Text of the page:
In my search for more story games, Brothers: A Tale Of Two Sons (Brothers, from here on in) came up. I installed it, and started it up without any real idea of what I was going to see.
The first obstacle was that, even though I got it on PC, it’s designed to be used with a controller. Luckily I had a wired 360 controller floating around (they’re very hard to get down from the ceiling when like that). Once I got beyond that, I can see why you’d need that controller.
First impressions were excellent. The art style reminded me of a somewhat toned down anime and the music was beautiful. As the camera shifted into the first scene, I began to wonder if I’d picked the wrong language option as the characters not only looked like they were from an anime, they sounded like they were from the undubbed version. It slowly dawned on me that this was likely a choice – a bit like the Sims speak ‘simlish’ and animals in Animal Crossing speak ‘animalese’. This gets across emotion and tone, while not “distracting” you too much.
You also now find out why you need a controller. There are two brothers (hence the title, really) and you control the older brother with the left thumbstick and trigger, and the younger brother with the right thumbstick and trigger. If you think this sounds awkward: you’d be right, but I’ll talk more about that later.
Your first task is to get the two brothers to move their sick father to care using a cart. This involves learning to control them both, and learning to solve a few puzzles with their differing abilities. The older brother is bigger and stronger, the younger brother is smaller and can squeeze into smaller gaps, or be lifted up by his older sibling.
Brothers is an interesting game as it’s more focused on story than many games, however, it is more of a game than either Dear Esther or Gone Home; it has actual puzzles that you need to solve in order to progress.
The game itself is very linear – though the world is designed to look like it stretches out in all directions, giving you a feeling a real, expansive world. Rarely do you (or can you) wander from the intended path. There are a few areas you can make it to where you can admire the world below, or perhaps get a view of what’s coming. There are also a few side areas where you can help others in some way. These aren’t required to complete the game, but often give achievements. And possibly a warm, fuzzy feeling.
The world you move through is quite fantastical. While you get the feeling magic might exist, it’s really only made explicit a couple of times. However you do meet giants, gryphon like creatures and other curiosities. There’s a wonderful sense of atmosphere, from the sweeping vistas, to the music, to the art style itself. It all intrigues and gives context to the (admittedly) simple plot.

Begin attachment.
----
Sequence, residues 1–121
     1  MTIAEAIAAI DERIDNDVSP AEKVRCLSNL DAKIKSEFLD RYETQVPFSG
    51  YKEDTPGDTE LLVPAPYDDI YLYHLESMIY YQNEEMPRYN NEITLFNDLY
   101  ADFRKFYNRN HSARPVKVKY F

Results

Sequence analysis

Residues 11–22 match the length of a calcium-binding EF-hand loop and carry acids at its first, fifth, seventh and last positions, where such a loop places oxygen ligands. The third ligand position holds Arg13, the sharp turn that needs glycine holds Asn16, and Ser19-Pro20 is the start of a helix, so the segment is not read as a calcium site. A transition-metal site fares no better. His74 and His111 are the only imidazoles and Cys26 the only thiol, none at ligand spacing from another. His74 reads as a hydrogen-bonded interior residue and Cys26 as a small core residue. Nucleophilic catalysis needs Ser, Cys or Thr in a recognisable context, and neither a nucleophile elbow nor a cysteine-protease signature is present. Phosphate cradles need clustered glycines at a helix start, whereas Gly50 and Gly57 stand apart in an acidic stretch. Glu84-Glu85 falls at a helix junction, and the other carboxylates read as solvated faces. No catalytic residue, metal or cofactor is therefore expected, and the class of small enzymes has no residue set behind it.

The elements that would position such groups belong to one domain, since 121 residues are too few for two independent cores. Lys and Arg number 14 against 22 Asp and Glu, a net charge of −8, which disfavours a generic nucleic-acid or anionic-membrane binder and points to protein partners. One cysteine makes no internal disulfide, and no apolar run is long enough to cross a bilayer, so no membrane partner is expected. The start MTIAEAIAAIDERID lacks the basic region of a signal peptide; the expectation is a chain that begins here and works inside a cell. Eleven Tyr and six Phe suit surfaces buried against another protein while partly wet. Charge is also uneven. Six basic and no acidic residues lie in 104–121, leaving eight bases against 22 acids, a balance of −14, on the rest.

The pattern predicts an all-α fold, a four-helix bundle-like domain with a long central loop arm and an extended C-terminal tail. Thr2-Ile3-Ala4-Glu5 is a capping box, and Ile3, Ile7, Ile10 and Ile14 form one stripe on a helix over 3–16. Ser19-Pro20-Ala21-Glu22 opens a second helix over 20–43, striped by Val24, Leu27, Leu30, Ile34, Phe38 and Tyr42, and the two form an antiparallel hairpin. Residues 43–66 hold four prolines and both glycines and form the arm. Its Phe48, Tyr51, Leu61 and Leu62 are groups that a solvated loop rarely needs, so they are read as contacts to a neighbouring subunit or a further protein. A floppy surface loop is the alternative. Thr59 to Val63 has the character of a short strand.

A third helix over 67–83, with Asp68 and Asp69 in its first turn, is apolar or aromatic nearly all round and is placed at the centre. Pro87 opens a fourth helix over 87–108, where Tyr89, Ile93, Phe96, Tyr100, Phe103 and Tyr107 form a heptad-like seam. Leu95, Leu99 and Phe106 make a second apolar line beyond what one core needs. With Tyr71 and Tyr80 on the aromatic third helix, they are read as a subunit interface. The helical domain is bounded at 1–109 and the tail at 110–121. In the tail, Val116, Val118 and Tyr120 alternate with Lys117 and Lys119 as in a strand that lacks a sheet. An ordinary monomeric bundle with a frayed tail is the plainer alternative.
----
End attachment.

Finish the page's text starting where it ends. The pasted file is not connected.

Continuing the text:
I do like that they’ve tried something different with the controller, but truthfully, it’s a real pain. In times of action, I’d usually send the wrong brother off in a bad direction and have to restart at a checkpoint because he got killed. If I had time to think, I was able to get the right brother in the right location, but often, I just got frustrated. In the puzzles where the two brothers have to work in a coordinated fashion, more often than not I’d have to restart from the beginning of the puzzle several times.
Still, even with that, the well realised world kept me wanting to come back and see more of it, and find out what happened next.
How does it fare as a “Story Game” though? I think it falls down a little there. The very first scene had me rolling my eyes a little, but then I was dragged into the story and put that aside. However, towards the end, things began to drag somewhat and while I could see a plot twist coming, I had no control over it – and since this feels more like a game than a straight out story, then that just frustrated me.
The beginning of the journey home also felt just too much like a deus ex machina for me to really enjoy it, as uplifting as the visuals and score were at that time.
Really, though, if Grand Theft Auto V hadn’t come out, I’d have another play through of Brothers just to enjoy the atmosphere!